Family travel: How to homeschool your children

Home schooling or ‘Education Otherwise’ as the IOM government have chosen to name it.  The Education Act 2001 in the Isle of Man “requires parents to present their children for full-time education at school or to make arrangements for their education ‘otherwise’.”

If you plan to homeschool or World School your child/ren you must complete a form advising the Department of Education and Children of your intentions.  And aside from a little correspondence, there’s not much else to it!  Yes, it surprised even me!

When considering travelling the world & teaching our children we were very aware that Primary School age (under 11 years old) would be easier, but definitely not easy!

Budding Scientists at Nemo Science Museum, Amsterdam


In order to homeschool many believe that you require a teaching degree or qualification… you don’t!  But you need to have a plan, be organised & able to demonstrate structure & effective learning.

You need to decide what suits your child’s needs.  Thankfully the internet offers limitless programmes, applications and resources at your fingertips; some of this free and some not.

Information and Support

There’s no direct support to speak of.  There is no guidance offered or suggestions of what you should or shouldn’t be doing.  You’ve made this decision, and now you are on your own – GULP!

Well… not really.  If you are a responsible parent you would have done your homework and know that teaching any child is not as easy as it looks, not least because, you know, your kids never listen to you!  But you are already teaching your kids in day to day life and re-enforcing their learning in school.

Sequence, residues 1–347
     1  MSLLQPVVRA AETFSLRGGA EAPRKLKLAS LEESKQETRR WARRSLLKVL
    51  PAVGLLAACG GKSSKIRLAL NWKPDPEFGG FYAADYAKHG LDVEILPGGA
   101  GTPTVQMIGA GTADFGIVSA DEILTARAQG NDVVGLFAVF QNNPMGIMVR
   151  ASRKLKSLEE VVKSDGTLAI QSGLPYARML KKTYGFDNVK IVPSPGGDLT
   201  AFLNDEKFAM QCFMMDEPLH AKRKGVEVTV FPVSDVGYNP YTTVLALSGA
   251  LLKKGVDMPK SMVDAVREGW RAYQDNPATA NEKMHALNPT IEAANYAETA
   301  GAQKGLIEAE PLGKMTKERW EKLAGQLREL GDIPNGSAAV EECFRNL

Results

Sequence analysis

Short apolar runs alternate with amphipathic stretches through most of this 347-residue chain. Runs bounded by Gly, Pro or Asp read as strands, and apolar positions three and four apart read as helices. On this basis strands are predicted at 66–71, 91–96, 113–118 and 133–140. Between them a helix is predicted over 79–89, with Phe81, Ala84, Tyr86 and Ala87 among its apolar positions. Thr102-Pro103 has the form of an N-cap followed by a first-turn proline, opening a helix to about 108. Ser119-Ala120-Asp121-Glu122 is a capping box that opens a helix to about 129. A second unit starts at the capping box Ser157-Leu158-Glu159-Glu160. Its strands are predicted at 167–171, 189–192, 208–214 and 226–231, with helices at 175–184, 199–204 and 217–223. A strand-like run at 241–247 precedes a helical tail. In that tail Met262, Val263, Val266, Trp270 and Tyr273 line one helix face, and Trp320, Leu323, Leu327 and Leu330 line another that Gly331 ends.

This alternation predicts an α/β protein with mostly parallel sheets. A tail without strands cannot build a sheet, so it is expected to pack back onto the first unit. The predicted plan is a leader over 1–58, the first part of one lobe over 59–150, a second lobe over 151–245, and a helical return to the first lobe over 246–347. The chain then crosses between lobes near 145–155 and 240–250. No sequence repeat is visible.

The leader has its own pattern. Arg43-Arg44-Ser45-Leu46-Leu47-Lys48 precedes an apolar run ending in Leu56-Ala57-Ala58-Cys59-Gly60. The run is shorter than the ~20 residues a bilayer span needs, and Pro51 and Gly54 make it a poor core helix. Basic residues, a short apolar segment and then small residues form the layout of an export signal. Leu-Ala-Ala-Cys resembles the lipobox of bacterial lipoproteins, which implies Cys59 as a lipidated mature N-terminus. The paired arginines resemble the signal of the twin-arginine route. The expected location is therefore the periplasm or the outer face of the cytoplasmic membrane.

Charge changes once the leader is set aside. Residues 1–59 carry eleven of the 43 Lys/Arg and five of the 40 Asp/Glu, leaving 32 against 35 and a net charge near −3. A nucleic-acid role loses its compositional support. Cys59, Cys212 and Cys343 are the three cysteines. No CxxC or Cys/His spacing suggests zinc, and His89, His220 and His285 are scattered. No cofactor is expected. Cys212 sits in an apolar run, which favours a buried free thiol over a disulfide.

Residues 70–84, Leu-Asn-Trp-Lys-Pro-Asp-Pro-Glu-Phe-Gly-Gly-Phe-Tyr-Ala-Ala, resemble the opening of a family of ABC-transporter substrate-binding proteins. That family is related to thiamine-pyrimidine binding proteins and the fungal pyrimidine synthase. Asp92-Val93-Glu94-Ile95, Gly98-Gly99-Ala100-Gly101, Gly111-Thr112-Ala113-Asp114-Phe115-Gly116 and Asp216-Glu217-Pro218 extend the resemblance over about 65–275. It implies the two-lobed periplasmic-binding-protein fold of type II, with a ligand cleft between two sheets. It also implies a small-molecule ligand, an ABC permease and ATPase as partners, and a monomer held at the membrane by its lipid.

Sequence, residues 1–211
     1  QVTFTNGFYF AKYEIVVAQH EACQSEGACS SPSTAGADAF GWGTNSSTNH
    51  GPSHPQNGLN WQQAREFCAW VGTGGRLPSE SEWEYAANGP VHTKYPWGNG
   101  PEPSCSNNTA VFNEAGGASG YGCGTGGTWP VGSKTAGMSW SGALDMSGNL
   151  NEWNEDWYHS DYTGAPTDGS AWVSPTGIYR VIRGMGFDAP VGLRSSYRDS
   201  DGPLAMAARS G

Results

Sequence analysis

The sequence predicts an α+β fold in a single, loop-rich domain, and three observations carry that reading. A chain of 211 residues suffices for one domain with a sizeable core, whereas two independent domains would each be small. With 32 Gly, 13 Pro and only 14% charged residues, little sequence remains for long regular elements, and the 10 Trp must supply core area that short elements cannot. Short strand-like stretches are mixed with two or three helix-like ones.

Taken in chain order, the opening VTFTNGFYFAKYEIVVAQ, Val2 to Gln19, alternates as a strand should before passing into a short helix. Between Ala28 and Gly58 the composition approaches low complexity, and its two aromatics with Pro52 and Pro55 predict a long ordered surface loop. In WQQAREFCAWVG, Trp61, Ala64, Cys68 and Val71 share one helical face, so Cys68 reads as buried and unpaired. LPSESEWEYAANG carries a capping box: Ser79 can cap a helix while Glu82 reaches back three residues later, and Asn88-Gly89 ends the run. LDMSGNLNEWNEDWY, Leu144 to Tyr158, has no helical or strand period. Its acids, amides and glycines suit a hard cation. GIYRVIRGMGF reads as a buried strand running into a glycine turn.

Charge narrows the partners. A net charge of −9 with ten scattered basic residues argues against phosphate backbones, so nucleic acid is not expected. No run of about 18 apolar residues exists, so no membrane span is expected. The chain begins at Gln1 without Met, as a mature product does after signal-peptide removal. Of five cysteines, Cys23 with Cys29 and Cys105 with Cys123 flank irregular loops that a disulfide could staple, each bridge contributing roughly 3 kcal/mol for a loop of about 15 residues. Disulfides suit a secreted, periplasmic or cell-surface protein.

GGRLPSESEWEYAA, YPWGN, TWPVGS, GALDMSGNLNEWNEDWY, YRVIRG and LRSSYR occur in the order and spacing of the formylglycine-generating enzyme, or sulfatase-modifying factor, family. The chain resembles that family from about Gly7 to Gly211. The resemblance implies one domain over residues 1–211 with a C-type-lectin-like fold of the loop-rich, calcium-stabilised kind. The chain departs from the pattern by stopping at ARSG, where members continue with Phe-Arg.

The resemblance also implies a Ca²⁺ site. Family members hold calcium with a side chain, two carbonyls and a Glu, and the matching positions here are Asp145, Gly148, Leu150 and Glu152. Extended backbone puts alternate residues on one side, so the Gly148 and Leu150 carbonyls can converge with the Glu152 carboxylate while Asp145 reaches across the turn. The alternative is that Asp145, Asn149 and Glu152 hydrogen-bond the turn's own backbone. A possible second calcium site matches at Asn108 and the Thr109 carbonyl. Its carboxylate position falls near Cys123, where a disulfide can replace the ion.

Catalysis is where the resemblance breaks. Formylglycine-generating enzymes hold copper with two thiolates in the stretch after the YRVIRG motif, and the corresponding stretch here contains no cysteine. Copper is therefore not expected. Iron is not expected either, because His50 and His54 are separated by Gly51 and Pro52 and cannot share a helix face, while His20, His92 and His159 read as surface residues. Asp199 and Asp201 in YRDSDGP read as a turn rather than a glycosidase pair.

Although we haven’t received much information to date, I do believe the IOM Government are making moves to change this and hopefully it will provide more structure.  As of early 2018, there were discussions taking place between the IOM Government and Home schoolers to provide a workable procedure.

What to will travel with

We plan to use a ‘Kindle Fire’ as the boys main learning ‘device’ (one of many electronic travelling devices!).  We will then add the necessary applications to manage key subjects.

We will also pack a travel journal, paper & a pencil case with the bare essentials.


Firstly the boys will continue their everyday reading using their Kindles.  We recently purchased Kindle Unlimited and whilst this has limited choice of ‘free’ children’s books, all the Lonely Planet books are available for our travel research, which has been great!  However, if it wasn’t for the Lonely Planet books I don’t think it represents good value for money as the books aren’t that current.

Therefore, we are also using an application called ‘Libby‘.  This allows you to read e-books from a Library which you are a member of.  However, reading library books on your Kindle e-reader only works in America… bit difficult when travelling or living in the UK!   And no, I have no idea why either!

But that’s no problem… there is a workaround – you can become a remote member of some libraries in America.  We joined the Library of Philadelphia for $50, which enables us to access all their books through this method and which are more up to date


We have an application called ‘Hit the button’ to help the boys with learning their times table for multiplication and division and costs £2.99 to download.

We have also paid for an application called IXL(  This covers English too and is segregated according to the year group of your child and includes reporting. The cost for is £120 per annum for 2 children for both subjects.

Whilst we have an application to provide a structured approach to their numeracy, there is a huge amount of mathematical learning that can be done while we travel using money, currency exchange rates, reading timetables etc..